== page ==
Monday, April 12, 2010

Just Write It Down, For Heaven's Sake!

Too often we put off documenting the stories we've heard from our parents, grandparents, and beyond, because we want to get everything together and in order first: the pen and paper, a recording, a meeting time with that person, etc. So by and by time goes on, and although the thought keeps gnawing at us to get it written down, it just doesn't get done. Then we find that so many memories get piled up that we risk losing one if we don't write something down.

Such was the case with me. Many years ago I put in the back of my mind an experience my grandmother had with her sister when she was a young girl. She had told it to me a few times while I was growing up, and because I thought it was so funny, I figured it wouldn't be too hard to remember later to write down. Years passed and my grandmother passed away. Any chance of getting all the details correct by asking her directly about it had slipped away. I had always meant to write it down but never did. That memory, along with several others, lurk in the back of my mind waiting to be recorded and documented for my children and grandchildren to laugh about and possibly relate to when they read it.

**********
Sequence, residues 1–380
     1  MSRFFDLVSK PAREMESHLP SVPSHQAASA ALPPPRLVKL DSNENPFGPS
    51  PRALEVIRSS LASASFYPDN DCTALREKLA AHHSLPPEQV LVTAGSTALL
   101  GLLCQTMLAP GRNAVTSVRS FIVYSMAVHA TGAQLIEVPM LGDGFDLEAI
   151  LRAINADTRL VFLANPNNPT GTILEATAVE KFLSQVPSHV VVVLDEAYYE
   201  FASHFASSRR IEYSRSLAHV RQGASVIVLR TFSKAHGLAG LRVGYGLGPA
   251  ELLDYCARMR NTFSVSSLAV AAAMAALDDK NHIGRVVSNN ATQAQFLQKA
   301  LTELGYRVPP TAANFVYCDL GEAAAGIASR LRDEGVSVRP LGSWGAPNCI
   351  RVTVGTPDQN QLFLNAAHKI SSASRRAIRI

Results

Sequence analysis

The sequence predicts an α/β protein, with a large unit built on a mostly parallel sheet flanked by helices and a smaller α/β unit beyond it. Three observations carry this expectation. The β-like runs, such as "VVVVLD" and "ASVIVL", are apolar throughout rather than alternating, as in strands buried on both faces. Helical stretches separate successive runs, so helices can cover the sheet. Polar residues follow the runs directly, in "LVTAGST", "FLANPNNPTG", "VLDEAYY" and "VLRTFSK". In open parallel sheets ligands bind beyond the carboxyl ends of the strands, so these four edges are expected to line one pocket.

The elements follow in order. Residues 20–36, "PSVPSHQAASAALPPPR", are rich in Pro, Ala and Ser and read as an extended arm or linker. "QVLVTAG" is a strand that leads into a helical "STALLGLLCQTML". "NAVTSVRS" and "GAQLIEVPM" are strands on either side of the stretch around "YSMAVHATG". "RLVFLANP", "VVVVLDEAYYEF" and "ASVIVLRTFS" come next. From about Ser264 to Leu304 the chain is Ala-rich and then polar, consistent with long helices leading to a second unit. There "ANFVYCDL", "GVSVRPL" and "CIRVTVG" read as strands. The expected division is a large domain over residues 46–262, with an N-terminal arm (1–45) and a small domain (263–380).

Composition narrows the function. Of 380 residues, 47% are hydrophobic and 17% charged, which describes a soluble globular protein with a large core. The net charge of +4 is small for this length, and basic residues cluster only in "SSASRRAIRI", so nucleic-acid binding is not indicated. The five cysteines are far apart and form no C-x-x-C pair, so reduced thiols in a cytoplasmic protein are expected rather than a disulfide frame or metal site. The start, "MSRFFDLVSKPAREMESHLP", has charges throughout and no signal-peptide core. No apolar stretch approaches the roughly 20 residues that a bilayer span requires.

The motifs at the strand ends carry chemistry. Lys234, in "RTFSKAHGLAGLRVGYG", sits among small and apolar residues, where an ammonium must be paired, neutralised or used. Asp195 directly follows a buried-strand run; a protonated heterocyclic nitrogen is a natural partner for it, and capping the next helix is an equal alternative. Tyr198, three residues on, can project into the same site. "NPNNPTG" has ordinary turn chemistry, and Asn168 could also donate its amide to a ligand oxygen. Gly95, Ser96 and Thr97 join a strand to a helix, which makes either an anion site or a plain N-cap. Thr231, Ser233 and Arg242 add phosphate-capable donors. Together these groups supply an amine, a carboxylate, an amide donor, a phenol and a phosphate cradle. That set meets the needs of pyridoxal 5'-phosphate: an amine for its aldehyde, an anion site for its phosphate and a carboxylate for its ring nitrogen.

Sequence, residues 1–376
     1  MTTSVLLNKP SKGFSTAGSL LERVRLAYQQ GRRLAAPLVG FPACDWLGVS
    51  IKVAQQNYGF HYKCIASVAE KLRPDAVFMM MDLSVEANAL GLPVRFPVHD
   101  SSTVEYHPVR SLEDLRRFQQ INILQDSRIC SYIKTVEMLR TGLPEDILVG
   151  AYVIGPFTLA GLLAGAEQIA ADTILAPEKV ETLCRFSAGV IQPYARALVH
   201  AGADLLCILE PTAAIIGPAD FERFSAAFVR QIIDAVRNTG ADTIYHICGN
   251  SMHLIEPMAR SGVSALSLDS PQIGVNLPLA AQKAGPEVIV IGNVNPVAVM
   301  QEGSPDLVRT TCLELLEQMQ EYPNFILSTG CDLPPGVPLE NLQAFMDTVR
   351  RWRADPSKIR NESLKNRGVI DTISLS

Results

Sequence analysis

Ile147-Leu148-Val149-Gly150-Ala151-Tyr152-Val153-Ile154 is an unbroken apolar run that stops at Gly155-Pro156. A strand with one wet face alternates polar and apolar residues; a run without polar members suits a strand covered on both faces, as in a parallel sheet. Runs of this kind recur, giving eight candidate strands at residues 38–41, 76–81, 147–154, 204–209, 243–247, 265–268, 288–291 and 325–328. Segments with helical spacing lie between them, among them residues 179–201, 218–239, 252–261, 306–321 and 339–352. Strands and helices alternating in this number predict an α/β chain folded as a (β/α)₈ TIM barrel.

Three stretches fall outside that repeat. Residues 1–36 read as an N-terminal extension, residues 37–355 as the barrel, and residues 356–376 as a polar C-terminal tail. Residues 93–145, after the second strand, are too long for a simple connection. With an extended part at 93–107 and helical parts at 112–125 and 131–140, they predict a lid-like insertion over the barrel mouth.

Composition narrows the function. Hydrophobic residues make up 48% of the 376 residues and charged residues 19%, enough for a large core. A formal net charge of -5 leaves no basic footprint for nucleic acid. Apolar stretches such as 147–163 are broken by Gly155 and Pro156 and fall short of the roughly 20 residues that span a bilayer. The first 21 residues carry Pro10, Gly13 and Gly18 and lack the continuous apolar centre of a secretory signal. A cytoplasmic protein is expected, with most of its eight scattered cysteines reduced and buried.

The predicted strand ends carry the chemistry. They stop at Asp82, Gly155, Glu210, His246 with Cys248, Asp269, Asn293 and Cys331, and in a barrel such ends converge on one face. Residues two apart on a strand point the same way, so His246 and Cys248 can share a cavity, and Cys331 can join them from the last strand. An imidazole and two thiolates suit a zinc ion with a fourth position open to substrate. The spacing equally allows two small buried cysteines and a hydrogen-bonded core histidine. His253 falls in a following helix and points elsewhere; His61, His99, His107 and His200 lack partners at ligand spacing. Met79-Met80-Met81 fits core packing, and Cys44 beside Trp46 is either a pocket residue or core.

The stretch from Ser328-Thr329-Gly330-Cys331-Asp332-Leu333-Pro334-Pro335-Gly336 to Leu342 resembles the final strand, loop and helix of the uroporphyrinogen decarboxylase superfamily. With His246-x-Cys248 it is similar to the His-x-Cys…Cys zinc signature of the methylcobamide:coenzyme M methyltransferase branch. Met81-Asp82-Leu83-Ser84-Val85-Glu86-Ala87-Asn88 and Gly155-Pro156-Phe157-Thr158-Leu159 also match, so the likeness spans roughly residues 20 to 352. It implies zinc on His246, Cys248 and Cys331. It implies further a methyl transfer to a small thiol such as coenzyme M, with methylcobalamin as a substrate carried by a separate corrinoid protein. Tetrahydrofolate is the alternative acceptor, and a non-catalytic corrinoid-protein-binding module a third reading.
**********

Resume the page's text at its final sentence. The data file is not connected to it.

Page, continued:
I have recommitted myself to write down any past memories and memories of my childhood, good and bad, in chronological order or not, just for the sake of history. Who cares if it's in my journal or in someone else's, at least it's written down!

Tuesday, September 8, 2009

Say What?

Each era, generation, and time period has its common, acceptable slang and verbage. It is interesting to read and hear about how family members describe events in their own words and use phrases and sayings common in their day.

I remember my grandmother using a phrase to describe a repaired little rip on a skirt, and making light of it, saying, "You'll never see it on a galloping horse." When I asked her about it, she said her mother (my great grandmother) used to say it quite often with the children at home.

Another word my grandmother used was, "fiddlesticks!" She'd say this when something went wrong or she forgot something.

Recording these sayings is valuable to readers and quite interesting. It helps us to know our ancestors better and appreciate the era they lived in. And it is important to record them because they're too often forgotten!

Tuesday, February 24, 2009

Interesting Discovery

If you dig deep enough into anything, you'll find a treasure. So it is with my family history. While growing up, I'd heard tales of polygamist families living in Mexico, but didn't quite connect the dots that my family line would be part of it, until I began seriously researching family names.